What to Do with your Basement

by Patty Doyle 06/09/2019

For many buyers, a basement is an added bonus. While it does not figure into the living space by most calculations, a basement may expand square-footage, improve storage, extend living space, and be that final trump card in the homebuying process. Or, it could be the worst possible nightmare. If you hope to buy or build a home with a basement, here are some things to think about—both positive and negative.

Types of basements

  • Cellar – a cellar is an old-fashioned word for an unfinished hole underneath a home’s foundation that may, or may not, be lined with concrete block, or concrete walls. In ancient houses, the cellar might be lined with hard-packed earth. Many times, cellars were used to store root vegetables and so earned the nickname “root cellar.” The underground temperature remains relatively constant throughout the year, so colder than outdoors in summer, but above freezing in winter, making it an ideal food storage place. After the advent of canning, added shelves created space for jars of canned goods and preserves.
  • Partial – a partial basement is a foundational basement (part of the home’s foundation) that is under only a portion of the house. Sometimes partial basements are used because there is an impediment to a full basement such as an underground boulder or other obstruction to digging a full basement. Other times it is an added feature so that mechanical items reside there, leaving space in the living floors for more storage and open planning.
  • Full – a full basement is one that is the complete foundation for a home. Full basements often have window wells (a window set below ground level with an enclosed “well” on the outside to hold the earth in place) for light, but not for egress. In a full basement, because of the lack of exit doors or windows, bedrooms are not up to code.
  • Walk-out – a walk-out basement typically sits into the side of a slope so that a portion of the basement is entirely in the earth and a part of the basement has exterior egress (i.e., you can walk out the door). Rooms with windows or doors on the walk-out side may be used as bedrooms.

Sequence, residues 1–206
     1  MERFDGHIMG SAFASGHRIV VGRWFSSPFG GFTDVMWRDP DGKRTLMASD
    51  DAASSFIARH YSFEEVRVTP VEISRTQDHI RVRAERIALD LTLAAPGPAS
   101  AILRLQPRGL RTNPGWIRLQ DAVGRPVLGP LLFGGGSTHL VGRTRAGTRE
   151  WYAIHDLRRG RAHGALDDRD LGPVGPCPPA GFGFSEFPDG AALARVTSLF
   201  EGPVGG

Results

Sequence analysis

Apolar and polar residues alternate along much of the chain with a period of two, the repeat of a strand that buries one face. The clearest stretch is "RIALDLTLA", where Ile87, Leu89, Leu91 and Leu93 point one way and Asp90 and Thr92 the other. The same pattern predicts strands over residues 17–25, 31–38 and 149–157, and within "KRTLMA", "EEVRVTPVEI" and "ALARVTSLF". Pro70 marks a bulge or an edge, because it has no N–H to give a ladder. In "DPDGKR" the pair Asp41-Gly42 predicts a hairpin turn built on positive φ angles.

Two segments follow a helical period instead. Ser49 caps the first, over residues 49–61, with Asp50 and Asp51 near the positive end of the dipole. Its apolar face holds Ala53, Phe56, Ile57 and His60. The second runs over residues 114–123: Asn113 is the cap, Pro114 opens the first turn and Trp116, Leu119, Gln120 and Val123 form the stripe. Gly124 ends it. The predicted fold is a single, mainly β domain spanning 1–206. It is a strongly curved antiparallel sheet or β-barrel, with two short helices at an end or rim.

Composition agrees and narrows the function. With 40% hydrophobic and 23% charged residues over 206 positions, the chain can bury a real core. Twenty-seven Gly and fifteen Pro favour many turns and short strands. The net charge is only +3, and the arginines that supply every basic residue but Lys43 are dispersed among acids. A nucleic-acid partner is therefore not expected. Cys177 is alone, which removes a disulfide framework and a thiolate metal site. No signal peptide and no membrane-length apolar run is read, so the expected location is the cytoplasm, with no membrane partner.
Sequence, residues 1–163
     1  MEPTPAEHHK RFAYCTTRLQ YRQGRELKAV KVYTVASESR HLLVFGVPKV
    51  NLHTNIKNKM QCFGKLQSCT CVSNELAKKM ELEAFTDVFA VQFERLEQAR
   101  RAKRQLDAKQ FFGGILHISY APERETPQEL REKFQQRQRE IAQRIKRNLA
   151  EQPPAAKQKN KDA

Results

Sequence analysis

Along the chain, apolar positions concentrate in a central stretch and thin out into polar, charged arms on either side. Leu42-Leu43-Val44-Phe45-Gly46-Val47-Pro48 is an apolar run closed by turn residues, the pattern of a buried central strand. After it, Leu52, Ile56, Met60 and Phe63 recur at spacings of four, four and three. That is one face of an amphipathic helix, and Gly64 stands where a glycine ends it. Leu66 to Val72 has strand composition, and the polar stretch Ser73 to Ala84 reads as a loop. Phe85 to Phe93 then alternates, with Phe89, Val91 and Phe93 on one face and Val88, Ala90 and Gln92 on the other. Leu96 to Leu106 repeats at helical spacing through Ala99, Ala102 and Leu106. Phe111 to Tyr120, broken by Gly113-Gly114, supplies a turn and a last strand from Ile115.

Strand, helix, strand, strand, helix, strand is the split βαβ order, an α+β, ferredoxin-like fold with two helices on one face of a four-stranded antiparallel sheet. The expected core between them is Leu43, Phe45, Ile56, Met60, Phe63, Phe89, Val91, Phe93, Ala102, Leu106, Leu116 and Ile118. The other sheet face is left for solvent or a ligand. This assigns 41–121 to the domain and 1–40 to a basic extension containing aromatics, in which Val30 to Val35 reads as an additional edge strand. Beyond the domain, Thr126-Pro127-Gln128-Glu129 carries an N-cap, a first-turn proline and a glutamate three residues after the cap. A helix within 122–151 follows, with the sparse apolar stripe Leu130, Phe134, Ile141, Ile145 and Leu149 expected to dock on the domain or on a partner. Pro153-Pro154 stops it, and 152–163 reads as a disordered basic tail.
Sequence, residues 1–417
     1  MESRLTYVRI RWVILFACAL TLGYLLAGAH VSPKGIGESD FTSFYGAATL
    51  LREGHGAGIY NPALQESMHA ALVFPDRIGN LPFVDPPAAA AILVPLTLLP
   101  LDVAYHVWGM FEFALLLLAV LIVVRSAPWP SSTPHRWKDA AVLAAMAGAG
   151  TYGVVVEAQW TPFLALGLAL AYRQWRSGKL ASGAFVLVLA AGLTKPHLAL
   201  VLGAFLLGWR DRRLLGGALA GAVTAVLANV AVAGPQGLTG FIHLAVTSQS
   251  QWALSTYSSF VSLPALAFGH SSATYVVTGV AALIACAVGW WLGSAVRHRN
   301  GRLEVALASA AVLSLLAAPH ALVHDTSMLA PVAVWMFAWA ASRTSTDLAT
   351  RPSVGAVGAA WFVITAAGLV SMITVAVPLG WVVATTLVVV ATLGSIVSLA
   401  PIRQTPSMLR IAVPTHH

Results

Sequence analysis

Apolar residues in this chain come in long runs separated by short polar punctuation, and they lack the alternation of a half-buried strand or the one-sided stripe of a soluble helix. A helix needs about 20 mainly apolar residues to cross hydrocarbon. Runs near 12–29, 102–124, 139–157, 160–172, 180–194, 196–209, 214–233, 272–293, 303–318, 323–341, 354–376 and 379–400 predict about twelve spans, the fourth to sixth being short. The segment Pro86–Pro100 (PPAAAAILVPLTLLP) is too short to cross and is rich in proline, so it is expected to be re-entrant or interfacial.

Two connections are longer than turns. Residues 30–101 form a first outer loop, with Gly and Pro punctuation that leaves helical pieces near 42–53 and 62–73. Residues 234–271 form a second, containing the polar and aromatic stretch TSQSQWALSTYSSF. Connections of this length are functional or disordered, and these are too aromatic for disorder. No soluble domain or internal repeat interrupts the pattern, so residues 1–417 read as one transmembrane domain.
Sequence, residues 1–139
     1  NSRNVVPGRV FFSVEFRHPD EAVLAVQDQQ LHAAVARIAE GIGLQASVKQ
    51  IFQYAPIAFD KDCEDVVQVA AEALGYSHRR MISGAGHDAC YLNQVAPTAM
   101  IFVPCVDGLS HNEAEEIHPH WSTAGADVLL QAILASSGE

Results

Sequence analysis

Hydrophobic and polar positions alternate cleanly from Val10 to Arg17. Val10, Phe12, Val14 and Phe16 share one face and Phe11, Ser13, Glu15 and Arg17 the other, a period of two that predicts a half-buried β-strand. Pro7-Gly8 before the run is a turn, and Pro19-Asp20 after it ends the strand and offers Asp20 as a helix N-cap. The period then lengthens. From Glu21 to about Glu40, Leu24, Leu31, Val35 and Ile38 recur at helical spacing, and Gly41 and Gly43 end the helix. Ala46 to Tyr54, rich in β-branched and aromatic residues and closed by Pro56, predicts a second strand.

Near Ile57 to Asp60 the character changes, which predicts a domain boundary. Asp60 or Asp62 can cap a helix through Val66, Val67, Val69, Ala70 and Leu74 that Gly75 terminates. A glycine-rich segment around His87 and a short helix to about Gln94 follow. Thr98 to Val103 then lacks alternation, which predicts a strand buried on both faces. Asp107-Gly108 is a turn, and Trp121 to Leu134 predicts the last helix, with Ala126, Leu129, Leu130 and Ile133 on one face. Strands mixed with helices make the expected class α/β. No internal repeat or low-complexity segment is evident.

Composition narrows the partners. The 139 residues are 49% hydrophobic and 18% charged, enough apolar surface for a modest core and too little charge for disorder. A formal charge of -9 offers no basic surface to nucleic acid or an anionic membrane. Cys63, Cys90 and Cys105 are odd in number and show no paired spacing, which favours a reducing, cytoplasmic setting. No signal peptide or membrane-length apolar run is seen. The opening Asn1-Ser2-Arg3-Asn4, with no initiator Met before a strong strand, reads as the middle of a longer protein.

• Living height – some basements are not full height (less than 8 feet tall) and so typically are for storage and mechanical/plumbing items only. A living-height basement has a full 8-foot or higher ceiling and is suitable for finishing as living space.
  • Unfinished – in new-builds, basements typically are not finished, and it is up to the homebuyer to frame in rooms and add walls, floors, and ceilings. An unfinished, living-height basement is the perfect blank slate for creating a man-cave, media or game room, or a crafting area. Often in older homes, laundry facilities sat in the basement as well.
  • Finished – a finished basement means that the exterior walls have drywall or another wall finish, the floor joists for the floor above are covered by ceiling material (drywall, insulated ceiling panels, etc.), the concrete floor has tile, carpet, or other flooring and the area has ventilation (HVAC) lights and power outlets. If your basement is already finished, all you have to do is set it up the way you like.

Basements can be a blessing or a curse. If your basement needs some TLC, seek a professional basement contractor with experience on waterproofing and extending the HVAC to handle the extra space.

About the Author
Author

Patty Doyle

Hi, I'm Patty Doyle and I'd love to assist you. Whether you're in the research phase at the beginning of your real estate search or you know exactly what you're looking for, you'll benefit from having a real estate professional by your side. I'd be honored to put my real estate experience to work for you.